Harsh semester for sustainability2 min read
One of the hardest semesters in recent times is about to end.
We started the year with the new COVID-19 variants and got even worse with the outbreak of war in Ukraine.
Inflation has been a constant presence that has haunted us this far.
As always in times of great turbulence, the goals defined in quieter times are revised or even abandoned.
It is no less on the sustainability front.
ESG is not at the top of the global agenda
Since sustainability became a priority for the world and a buzzword for many, there has never been such widespread relaxation (or at least media attention).
Think for example of the (with difficulty) supply of oil and gas from Russia.
To resort to remedies, some countries have decided to reignite coal plants.
What happened to the commitments to reduce CO2 emissions? And to the energy transition?
We weren’t ready yet.
Luckily we were facing the warm months.
But what to do in Autumn when the cold season is upon us?
Re-ignite all coal-fired power plants? Use nuclear power (where available and possible)?
The fact is that we are in a very difficult period.
It is clear that sustainability cannot take a back seat. But the fact is that at the first hitch, this was the sacrificial lamb.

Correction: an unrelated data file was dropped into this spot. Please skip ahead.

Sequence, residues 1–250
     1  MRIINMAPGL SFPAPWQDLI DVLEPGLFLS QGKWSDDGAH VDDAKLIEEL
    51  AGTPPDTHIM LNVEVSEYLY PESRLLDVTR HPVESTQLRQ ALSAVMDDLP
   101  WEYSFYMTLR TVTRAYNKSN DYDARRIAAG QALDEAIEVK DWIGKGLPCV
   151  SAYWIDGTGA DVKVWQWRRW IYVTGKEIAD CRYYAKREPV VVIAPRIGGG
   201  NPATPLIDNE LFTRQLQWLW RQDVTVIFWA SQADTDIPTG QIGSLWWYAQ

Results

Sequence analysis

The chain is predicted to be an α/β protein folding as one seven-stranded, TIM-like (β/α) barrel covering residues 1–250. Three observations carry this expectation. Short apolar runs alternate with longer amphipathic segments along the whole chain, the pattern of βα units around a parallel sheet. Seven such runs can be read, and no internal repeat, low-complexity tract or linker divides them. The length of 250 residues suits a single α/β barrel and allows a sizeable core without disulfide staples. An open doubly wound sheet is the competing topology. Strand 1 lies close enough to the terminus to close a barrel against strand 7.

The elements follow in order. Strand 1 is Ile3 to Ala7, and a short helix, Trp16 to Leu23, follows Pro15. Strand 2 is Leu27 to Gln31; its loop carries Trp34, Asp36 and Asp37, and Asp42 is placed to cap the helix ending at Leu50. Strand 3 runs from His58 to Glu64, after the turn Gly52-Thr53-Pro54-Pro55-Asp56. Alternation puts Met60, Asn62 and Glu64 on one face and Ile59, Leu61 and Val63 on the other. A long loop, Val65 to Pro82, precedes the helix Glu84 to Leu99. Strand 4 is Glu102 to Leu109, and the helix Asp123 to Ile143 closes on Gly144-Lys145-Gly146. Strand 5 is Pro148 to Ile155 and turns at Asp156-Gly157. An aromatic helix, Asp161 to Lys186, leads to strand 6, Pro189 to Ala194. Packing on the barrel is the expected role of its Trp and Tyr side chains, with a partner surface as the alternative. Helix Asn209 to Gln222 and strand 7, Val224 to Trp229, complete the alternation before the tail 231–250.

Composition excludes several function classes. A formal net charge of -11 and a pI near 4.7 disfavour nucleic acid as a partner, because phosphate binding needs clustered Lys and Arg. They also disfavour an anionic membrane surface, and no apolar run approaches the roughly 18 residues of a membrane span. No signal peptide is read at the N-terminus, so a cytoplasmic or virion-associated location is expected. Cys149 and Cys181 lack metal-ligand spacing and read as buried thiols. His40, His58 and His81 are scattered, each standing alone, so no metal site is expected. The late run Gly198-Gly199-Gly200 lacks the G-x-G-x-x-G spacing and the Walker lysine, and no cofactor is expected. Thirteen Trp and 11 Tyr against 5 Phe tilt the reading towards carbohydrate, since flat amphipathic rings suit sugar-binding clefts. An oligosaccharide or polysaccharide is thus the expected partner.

We also look at the 17 UN SDGs.
If SDG 16 is the one that suffers the most (Peace, Justice and Strong Institutions), it cannot be said that the others are faring better.
- Blockage of wheat and other foodstuffs? SDG 2 (Zero Hunger)
- Energy shock? SDG 7 (Affordable and Clean Energy)
- Inflation? SDG 1 (No Poverty)
- Macro-economic instability? There is no time to commit to these issues. SDG 17 (Partnership for the Goals)
And you could go on with each of the goals.
What discourages the most is the difficulty, already under normal conditions, of achieving these objectives.
We do not, therefore, want to say that sustainability will also be overshadowed in the months to come, but it must make us reflect.
Let’s put it among the main priorities in periods of stability in all our choices and it will surely pay off in the long run.
Featured image by Miikka Luotio on Unsplash